Contra Costa County reaches out to hard-to-count communities

Caroline Lobel, Managing Editor

The 2020 Census is set to collect responses from every household in the United States starting on Apr. 1, but there are many communities that are difficult to account for, known as hard-to-count (HTC) communities. Contra Costa County is doing its part to make sure the people in these communities are represented in the census because the data, if accurately collected, benefits the allocation of federal funding.

 

One effort that Contra Costa is doing to account for these populations is taking advantage of the Census’ Community Partnership Engagement Program (CPEP). 

 

“There are 1500 ‘partnership specialists’ hired across the country, including several hundred in California,” Josh Green, a media specialist for the 2020 Census, said. “Those who work in the CPEP program have deep experience living and working in their communities and they make connections with local businesses, government agencies, nonprofits and many other institutions to encourage participation.”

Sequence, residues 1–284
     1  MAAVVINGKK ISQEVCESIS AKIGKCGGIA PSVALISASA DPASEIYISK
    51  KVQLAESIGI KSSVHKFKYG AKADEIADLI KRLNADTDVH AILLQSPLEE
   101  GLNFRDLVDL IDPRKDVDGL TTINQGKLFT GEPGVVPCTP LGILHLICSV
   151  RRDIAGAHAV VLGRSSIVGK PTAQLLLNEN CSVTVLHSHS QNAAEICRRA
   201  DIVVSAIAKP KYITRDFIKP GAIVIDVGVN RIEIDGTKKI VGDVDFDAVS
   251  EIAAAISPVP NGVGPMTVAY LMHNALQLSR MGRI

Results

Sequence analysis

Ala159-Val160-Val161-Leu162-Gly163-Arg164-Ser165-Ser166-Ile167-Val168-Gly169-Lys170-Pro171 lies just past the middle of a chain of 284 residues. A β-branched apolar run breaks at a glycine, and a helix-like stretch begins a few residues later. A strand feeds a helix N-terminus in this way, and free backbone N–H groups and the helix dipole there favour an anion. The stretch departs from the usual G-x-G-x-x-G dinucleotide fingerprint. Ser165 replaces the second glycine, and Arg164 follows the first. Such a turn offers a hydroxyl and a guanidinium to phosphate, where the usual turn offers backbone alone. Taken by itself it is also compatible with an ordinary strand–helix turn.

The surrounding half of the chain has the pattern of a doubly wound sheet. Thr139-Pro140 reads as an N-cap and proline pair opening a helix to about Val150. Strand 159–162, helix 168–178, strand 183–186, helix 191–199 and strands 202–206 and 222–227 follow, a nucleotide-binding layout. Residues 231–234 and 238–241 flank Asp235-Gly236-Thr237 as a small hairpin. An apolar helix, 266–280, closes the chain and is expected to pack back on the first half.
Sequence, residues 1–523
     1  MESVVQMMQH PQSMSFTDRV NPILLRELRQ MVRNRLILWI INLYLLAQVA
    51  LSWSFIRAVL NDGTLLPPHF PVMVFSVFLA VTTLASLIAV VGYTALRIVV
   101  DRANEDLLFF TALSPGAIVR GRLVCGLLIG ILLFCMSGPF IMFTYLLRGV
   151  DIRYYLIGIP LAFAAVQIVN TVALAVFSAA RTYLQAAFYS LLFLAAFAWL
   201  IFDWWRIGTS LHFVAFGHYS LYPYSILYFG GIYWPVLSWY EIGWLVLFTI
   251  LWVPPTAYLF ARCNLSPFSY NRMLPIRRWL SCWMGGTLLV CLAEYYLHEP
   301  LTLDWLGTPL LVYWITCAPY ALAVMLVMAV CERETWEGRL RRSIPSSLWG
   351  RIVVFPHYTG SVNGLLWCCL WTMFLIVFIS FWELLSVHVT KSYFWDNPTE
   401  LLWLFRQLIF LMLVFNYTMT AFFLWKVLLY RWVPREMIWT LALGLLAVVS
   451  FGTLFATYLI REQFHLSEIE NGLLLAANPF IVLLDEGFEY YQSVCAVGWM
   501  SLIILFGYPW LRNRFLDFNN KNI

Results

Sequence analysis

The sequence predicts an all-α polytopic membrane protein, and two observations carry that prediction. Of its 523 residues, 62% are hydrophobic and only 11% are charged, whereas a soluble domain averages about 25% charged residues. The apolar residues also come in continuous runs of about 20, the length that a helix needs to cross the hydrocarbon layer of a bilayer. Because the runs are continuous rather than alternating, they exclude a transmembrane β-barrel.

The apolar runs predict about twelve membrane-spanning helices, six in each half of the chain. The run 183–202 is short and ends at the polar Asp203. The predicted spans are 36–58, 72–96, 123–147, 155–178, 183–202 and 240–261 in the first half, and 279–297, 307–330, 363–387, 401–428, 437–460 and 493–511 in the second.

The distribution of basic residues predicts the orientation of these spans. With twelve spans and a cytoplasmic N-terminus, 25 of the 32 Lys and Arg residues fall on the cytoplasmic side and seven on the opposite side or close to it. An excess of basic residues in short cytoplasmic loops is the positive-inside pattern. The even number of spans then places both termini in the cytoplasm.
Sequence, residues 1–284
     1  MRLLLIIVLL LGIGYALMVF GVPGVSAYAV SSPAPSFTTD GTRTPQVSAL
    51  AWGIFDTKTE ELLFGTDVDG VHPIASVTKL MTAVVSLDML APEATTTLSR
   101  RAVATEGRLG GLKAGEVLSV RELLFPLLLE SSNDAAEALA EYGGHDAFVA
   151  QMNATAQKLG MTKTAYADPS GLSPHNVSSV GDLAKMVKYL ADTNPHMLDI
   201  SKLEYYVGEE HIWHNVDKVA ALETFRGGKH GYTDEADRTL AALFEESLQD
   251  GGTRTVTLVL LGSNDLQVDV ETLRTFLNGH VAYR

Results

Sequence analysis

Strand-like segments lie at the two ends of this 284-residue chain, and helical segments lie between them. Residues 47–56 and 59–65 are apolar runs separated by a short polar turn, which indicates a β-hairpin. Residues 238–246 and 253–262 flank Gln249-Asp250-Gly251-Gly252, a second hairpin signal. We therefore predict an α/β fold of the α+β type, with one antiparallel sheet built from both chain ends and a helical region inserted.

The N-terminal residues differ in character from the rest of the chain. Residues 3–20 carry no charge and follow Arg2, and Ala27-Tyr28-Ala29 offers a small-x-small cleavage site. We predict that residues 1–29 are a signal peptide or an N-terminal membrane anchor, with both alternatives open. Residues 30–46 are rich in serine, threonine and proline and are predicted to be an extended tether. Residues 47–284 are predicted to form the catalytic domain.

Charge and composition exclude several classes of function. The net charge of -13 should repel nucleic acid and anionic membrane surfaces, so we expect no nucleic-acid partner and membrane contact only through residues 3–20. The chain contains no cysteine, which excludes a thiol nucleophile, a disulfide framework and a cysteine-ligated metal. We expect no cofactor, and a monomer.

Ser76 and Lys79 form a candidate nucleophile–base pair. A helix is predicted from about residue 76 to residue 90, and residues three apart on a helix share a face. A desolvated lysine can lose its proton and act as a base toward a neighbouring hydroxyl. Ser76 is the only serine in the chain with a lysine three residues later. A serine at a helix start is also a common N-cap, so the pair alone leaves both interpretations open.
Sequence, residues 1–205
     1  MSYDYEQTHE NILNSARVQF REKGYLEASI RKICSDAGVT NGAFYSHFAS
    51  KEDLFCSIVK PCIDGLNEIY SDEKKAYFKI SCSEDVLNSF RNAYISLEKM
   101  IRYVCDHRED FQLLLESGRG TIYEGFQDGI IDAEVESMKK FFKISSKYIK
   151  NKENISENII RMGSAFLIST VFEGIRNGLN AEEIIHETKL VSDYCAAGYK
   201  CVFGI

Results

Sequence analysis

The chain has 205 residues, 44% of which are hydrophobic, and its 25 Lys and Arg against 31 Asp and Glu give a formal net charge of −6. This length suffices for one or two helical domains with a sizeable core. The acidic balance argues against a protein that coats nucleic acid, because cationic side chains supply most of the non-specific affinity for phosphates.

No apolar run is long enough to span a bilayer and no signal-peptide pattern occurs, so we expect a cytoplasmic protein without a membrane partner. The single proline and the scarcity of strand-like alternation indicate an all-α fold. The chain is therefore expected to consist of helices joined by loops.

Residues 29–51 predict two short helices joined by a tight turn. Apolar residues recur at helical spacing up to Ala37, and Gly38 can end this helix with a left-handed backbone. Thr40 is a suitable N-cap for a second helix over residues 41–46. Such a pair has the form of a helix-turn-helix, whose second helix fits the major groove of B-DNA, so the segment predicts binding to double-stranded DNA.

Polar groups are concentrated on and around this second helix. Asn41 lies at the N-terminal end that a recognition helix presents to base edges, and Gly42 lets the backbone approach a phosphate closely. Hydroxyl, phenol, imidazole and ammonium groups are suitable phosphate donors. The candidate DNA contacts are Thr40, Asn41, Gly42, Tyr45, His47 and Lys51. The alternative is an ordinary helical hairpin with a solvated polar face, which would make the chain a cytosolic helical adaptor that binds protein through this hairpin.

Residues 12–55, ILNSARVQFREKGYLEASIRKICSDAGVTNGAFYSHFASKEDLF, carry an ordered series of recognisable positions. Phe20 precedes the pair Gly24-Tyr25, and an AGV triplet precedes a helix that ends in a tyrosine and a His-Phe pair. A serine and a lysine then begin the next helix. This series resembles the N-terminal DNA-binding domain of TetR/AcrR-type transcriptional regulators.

CPEP uses various maps to decide which locations to reach out to. The Response Outreach Area Mapper (ROAM) is used to provide socioeconomic and demographic features of areas throughout America. The Public Policy Institute of California (PPIC) is an interactive map that highlights HTC communities and provides explanations as to why these areas are difficult to account for. These two maps guide CPEP workers to provide resources for these communities. 

 

“The CPEP effort in 2020 has far more people and resources than the same effort in 2010,” Green said.

 

CPEP workers help reach populations with a large number of immigrants, noncitizens, those in poverty, and non-English speakers, to name a few groups. According to the PPIC map, 11.5% of people living in Contra Costa are noncitizens. Additionally, 7.7% of households in Contra Costa have a likelihood of no response. It is critical that these people are accounted for so they can receive proper representation when government funds are allocated, whether it be for public services, infrastructure, etc. 

 

“These efforts are made year-round, every year at the Census, but the work of CPEP began as people were hired in the summer of 2019, and it will last through the count which officially ends July 31, 2020.” Green said. “Our mission is to work in every state and territory, and that’s where we are.”